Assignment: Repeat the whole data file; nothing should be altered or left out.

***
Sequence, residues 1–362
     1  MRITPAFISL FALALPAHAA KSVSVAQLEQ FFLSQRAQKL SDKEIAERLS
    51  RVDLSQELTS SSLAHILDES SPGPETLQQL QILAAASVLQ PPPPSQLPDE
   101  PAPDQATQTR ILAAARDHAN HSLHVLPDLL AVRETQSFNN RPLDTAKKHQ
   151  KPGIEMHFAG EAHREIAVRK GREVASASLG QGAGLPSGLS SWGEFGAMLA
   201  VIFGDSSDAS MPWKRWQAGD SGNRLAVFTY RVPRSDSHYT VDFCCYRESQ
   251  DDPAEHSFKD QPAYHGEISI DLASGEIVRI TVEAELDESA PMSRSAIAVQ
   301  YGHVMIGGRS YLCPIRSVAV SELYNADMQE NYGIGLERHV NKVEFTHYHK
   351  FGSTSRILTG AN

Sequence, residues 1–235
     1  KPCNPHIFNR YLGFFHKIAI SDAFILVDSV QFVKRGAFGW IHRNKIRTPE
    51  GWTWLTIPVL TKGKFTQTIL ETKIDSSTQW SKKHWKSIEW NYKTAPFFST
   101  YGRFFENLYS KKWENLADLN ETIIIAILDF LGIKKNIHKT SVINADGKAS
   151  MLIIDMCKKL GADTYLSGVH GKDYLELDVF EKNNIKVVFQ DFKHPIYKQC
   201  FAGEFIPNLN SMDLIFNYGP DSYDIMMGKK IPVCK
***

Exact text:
Sequence, residues 1–362
     1  MRITPAFISL FALALPAHAA KSVSVAQLEQ FFLSQRAQKL SDKEIAERLS
    51  RVDLSQELTS SSLAHILDES SPGPETLQQL QILAAASVLQ PPPPSQLPDE
   101  PAPDQATQTR ILAAARDHAN HSLHVLPDLL AVRETQSFNN RPLDTAKKHQ
   151  KPGIEMHFAG EAHREIAVRK GREVASASLG QGAGLPSGLS SWGEFGAMLA
   201  VIFGDSSDAS MPWKRWQAGD SGNRLAVFTY RVPRSDSHYT VDFCCYRESQ
   251  DDPAEHSFKD QPAYHGEISI DLASGEIVRI TVEAELDESA PMSRSAIAVQ
   301  YGHVMIGGRS YLCPIRSVAV SELYNADMQE NYGIGLERHV NKVEFTHYHK
   351  FGSTSRILTG AN

Sequence, residues 1–235
     1  KPCNPHIFNR YLGFFHKIAI SDAFILVDSV QFVKRGAFGW IHRNKIRTPE
    51  GWTWLTIPVL TKGKFTQTIL ETKIDSSTQW SKKHWKSIEW NYKTAPFFST
   101  YGRFFENLYS KKWENLADLN ETIIIAILDF LGIKKNIHKT SVINADGKAS
   151  MLIIDMCKKL GADTYLSGVH GKDYLELDVF EKNNIKVVFQ DFKHPIYKQC
   201  FAGEFIPNLN SMDLIFNYGP DSYDIMMGKK IPVCK